Confidential Draft Report Of MH17 Crash Now In Hands Of Participating Countries
Copies of the confidential draft report that seeks to shed light into the fatal downing of Malaysia Airlines MH17 have been sent to representatives of participating countries. The Australian Transport Safety Bureau received its copy a month ago.
The Dutch Safety Board said Wednesday the involved countries are expected to make comments on the draft report. The said countries include Malaysia, Ukraine, the United States, Russia, the United Kingdom, Australia and the Netherlands. They are given 60 days, or until August 1, to submit their respective comments. The final report is expected in October.
Details of the confidential draft were not released. A report by the Sydney Morning Herald says that the draft report already contains conclusions. While the content of the report remains secret, it already has the final conclusions made by an international team of investigators. The group has been working to determine the cause of the tragedy since last year.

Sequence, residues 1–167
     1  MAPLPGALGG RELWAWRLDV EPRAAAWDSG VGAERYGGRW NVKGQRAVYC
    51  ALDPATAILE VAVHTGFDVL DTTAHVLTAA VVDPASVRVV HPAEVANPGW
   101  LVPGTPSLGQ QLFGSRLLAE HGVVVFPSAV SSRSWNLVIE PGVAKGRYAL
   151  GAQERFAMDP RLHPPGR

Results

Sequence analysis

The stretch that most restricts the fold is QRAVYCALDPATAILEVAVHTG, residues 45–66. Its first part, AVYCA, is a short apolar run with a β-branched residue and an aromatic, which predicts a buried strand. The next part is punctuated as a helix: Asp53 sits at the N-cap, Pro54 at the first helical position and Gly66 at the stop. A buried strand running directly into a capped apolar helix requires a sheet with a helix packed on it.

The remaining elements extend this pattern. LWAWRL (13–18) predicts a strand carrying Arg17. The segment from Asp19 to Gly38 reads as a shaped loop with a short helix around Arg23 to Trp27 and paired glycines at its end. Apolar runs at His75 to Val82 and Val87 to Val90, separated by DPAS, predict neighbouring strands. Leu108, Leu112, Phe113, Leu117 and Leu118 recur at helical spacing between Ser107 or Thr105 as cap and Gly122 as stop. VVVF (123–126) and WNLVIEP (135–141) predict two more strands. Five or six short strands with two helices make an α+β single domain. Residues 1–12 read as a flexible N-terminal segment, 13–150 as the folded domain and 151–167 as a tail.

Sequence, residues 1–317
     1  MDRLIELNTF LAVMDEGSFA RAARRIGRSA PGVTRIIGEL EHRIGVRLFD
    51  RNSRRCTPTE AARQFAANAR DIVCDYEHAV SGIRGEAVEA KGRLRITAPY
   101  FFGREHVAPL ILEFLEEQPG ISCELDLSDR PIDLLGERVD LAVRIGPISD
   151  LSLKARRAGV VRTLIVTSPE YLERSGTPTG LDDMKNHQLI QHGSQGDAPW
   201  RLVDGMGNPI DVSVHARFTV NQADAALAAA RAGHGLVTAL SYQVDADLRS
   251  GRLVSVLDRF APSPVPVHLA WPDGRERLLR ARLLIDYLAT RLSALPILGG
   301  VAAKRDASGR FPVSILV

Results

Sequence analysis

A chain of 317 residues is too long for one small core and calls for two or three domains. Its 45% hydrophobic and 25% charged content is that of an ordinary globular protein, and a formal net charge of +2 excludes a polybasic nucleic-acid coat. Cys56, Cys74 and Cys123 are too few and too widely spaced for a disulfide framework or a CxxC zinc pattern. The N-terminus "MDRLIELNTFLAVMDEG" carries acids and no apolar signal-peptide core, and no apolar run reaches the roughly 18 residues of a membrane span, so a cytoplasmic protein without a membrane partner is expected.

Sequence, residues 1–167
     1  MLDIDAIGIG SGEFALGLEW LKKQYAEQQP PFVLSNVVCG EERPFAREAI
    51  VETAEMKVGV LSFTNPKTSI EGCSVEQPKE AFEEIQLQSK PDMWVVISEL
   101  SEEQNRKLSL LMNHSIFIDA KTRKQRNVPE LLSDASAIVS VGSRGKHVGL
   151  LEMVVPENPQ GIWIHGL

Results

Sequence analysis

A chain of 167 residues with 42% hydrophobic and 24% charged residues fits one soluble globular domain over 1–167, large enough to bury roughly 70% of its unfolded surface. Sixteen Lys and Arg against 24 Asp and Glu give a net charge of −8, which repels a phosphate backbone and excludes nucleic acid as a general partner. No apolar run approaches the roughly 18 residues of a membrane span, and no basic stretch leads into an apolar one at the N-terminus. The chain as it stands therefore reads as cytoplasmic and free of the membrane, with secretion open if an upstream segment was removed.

The Dutch Safety Board released a preliminary report in September 2014 that said a “large number of high-energy objects” hit and downed the Boeing 777-200ER aircraft bearing Flight 17 bound to Kuala Lumpur from Amsterdam. It noted the plane wasn’t even experiencing any internal malfunction prior to the contact.
The report, however, didn’t explicitly mention it was a missile that hit the plane.
The plane crashed near Torez in Donetsk Oblast, Ukraine, 40 kilometers (25 mi) away from the Russian border July 17, 2014. All 283 passengers and 15 crew died.
A report by the Malaysian Insider noted the creation of a UN tribunal which will hear out on the case. The Netherlands, Malaysia, Australia, Belgium and the UK proposed it, but Russia branded it as untimely and “counterproductive.”